Minnesota congregation will spend Ash Wednesday praying for the people of Ukraine and elsewhere, inviting churches around the country to do likewise
by Mike Ferguson | Presbyterian News Service
LOUISVILLE — First Presbyterian Church of Holland, Minnesota, will gather for worship on Ash Wednesday. But the service will be nontraditional, and the faithful there are asking Presbyterians across the country to devote some time at the beginning of Lent to do likewise, whether they’re worshiping in person or online.
Prayers that spring from this community of faith about an hour northeast of Sioux Falls, South Dakota, will be centered on peace in Ukraine and around the world. The Rev. Lynne Matthews, the pastor at First Church for the past 12 years, said that if the prayers on Wednesday take the form they have in the past, they’ll go something like this: “When human efforts have failed to take care of our situations … we pray that military leaders and our government will have wisdom, which we believe comes from God, whose hand inspires people.”
“I think it’s a unifying message,” said Kathy Terpstra, gap executive for the Presbytery of Minnesota Valleys, where First Presbyterian Church is located. “We are a pretty purple presbytery, but this is something we can all agree on — that we don’t want war.”
First Presbyterian Church has a history of ardent prayer, according to Matthews. A few years ago, the Holland area was suffering through a severe drought that threatened farmers’ crops.
“We decided to put out a call to all the churches to gather here or at their own church and pray,” Matthews said. “It didn’t rain that day, but it did a week later, and the crops were saved. That fed our faith a little bit.”
While talking with some church members recently, “we decided now there is a worldwide drought of a lot of things,” including restraint on the part of Russia, good health in the grips of the pandemic, honesty in government and “so many things that are heavy in our hearts.”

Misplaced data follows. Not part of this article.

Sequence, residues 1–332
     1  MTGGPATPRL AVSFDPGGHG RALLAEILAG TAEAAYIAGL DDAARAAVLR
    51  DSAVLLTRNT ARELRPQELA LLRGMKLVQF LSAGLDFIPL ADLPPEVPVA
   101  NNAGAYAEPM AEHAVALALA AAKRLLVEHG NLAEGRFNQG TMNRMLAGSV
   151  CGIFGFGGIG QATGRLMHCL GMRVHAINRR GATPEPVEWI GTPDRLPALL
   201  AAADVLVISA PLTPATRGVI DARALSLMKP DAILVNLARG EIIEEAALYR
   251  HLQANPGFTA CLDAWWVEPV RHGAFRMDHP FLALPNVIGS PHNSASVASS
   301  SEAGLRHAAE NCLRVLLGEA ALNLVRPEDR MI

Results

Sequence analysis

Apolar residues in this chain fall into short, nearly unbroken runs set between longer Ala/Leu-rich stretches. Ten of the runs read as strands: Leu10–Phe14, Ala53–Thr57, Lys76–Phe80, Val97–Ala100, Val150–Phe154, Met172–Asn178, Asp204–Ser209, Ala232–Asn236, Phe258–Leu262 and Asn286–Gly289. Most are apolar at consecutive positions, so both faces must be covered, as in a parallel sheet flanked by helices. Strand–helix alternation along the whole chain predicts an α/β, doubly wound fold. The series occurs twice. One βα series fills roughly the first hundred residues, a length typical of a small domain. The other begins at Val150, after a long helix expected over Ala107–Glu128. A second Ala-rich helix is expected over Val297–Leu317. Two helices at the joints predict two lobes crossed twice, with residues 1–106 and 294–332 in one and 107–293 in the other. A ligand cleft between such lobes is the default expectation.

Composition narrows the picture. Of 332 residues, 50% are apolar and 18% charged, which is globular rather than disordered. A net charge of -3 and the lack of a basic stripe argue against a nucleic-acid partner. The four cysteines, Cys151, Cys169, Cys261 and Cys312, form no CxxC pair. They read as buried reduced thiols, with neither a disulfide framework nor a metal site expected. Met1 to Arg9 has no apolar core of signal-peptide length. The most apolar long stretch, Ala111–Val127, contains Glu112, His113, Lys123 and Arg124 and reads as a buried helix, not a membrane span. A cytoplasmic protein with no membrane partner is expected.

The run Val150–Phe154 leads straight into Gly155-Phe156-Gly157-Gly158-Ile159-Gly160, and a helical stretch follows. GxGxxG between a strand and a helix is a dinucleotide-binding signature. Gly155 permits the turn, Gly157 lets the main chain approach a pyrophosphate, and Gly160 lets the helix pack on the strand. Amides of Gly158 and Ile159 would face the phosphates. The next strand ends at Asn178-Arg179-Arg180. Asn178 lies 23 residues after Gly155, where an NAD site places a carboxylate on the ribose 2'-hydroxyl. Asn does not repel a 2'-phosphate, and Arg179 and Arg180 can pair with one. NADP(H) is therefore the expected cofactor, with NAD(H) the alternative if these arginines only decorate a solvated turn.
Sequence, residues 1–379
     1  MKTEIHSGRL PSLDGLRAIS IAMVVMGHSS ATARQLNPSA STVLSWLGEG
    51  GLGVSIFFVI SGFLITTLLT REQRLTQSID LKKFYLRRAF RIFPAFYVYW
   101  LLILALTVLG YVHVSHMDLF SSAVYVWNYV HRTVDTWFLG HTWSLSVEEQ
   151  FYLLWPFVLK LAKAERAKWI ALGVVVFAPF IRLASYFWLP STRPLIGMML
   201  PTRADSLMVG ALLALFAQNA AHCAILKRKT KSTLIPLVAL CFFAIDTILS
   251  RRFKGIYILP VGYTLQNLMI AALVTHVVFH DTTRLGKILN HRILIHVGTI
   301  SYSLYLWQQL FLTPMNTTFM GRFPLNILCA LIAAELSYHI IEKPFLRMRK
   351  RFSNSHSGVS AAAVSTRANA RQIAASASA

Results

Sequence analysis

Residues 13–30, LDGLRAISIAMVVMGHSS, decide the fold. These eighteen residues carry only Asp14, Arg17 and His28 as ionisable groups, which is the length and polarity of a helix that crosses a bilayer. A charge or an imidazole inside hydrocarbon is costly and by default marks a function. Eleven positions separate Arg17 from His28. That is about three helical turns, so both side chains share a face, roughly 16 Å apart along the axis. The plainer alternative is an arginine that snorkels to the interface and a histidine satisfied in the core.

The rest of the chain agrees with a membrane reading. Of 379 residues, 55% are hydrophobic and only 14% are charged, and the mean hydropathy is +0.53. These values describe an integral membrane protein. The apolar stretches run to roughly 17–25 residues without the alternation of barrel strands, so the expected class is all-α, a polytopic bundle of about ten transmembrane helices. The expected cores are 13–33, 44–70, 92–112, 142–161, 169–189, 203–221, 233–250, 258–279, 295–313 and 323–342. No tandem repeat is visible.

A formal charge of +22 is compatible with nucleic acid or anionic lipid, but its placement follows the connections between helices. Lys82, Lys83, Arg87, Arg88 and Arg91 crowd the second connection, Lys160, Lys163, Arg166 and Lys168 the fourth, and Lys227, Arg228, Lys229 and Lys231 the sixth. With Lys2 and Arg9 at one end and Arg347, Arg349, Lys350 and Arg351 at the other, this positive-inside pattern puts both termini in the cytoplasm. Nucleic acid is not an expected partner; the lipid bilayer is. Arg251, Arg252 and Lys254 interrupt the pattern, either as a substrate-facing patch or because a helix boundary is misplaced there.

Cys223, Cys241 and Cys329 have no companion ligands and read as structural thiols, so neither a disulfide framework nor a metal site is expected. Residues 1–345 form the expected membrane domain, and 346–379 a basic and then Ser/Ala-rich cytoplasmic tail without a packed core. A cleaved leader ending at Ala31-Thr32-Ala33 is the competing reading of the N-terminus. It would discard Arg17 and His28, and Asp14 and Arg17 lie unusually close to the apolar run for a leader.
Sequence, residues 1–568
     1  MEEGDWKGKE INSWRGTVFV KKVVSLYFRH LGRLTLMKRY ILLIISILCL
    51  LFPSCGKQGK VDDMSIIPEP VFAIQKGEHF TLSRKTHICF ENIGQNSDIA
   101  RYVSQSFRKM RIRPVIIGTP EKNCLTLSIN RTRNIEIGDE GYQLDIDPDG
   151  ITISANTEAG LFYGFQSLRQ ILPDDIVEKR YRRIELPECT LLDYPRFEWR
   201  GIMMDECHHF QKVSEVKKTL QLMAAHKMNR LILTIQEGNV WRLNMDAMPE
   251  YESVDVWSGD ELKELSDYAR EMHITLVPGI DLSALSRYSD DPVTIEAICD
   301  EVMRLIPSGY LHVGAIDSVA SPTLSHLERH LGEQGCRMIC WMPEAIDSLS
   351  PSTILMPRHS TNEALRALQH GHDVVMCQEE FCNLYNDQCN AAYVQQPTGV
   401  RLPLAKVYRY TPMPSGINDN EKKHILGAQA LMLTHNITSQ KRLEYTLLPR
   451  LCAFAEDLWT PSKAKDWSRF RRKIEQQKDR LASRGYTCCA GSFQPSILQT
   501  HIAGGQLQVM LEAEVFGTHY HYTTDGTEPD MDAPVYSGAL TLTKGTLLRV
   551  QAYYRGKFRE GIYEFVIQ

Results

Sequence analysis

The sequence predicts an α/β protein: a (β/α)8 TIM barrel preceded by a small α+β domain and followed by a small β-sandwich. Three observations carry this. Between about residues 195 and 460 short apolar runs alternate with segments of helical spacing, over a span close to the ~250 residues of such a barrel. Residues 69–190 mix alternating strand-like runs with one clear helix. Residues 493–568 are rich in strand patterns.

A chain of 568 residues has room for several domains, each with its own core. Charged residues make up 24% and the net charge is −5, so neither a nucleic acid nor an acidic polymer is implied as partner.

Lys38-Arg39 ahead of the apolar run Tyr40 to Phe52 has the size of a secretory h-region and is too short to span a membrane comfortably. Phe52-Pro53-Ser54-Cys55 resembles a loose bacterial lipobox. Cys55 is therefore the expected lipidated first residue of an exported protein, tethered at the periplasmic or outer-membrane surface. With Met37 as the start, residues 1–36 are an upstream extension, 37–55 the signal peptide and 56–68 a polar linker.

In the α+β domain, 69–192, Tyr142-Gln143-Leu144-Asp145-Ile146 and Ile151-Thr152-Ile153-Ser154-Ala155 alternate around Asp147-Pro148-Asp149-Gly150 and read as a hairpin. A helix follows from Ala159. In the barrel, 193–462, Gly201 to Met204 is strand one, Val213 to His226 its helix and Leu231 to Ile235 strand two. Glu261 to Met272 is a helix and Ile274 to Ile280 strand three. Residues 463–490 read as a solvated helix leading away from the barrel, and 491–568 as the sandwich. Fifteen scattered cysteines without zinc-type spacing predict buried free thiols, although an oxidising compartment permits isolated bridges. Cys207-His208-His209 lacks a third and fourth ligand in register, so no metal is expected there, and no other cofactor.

Ash Wednesday launches Lent, and Lent is “a time of repentance and prayer and learning to trust God a little more,” Matthews said. “We are hoping throughout the whole world that people will repent and God will do a work.”
“We aren’t trying to tell God what to do,” Matthews added. “But maybe this will be a launching pad for our faith.”
Matthews has strong feelings about the power of prayer, “partly because of the answer when we got the rain,” she said, adding she draws scriptural assurance from places including James 5.
“I really feel like God is saying to God’s people, ‘Trust me and let me be part of this — but you be a part of it too.’”
Matthews isn’t sure if Wednesday’s service will last for five minutes or an hour.
“We have people who love to pray,” she said of the congregation that numbers less than 100, with 40 or 50 attending in-person worship each Sunday. “When everyone is done, we’ll dismiss and go.”
“There are no bosses in this ministry,” Matthews said. “Everybody in this congregation works together well, according to the gifts and talents that God has given. I’m thankful.”
Matthews and her husband, the Rev. Kendrick Matthews, came to Holland in 2010. When Kendrick died three years ago, “they asked if I would stay,” she said. “I am 69 years old. I can’t go to the front and fight the battle [in Ukraine]. But there is a spiritual battle we are called to fight.”
In addition to prayer, another endeavor the congregation does well is to partner with another church in town, the Holland Christian Reformed Church, to put on a Vacation Bible School that attracts around 100 children in a town of 187 people.
“It’s crazy but it’s fun,” Matthews said. “I was at a doctor’s appointment a few days ago and the nurse said, ‘Do you remember me?’ I kind of did. She said, ‘I used to go to VBS, and by the way my little boy will be coming this year.’” The nurse lives in Pipestone, Minnesota, about 10 miles southwest of Holland.
“That’s our biggest thing,” Matthews said. “We are also big on mission giving.”
Matthews said she’s clear on what our role is when it comes to offering God our earnest prayer.
“If we don’t pray and it gets worse, maybe it’s God’s will. But maybe it’s partly our fault,” she said. “I really think God is calling us to pray. Let’s ask God’s forgiveness for our personal sins and for the sins of the world — Russian aggression, the COVID pandemic, economic chaos, corruption in government. All these things will not stop by only human effort, but through prayer and God’s gracious intervention … Won’t that be a marvelous testimony of Christ’s power? For his glory!”
“Let us all pray for peace and a resolution to conflict that is threatening our world,” said Terpstra, the presbytery executive. “Let’s see how many prayers we can send to God.”
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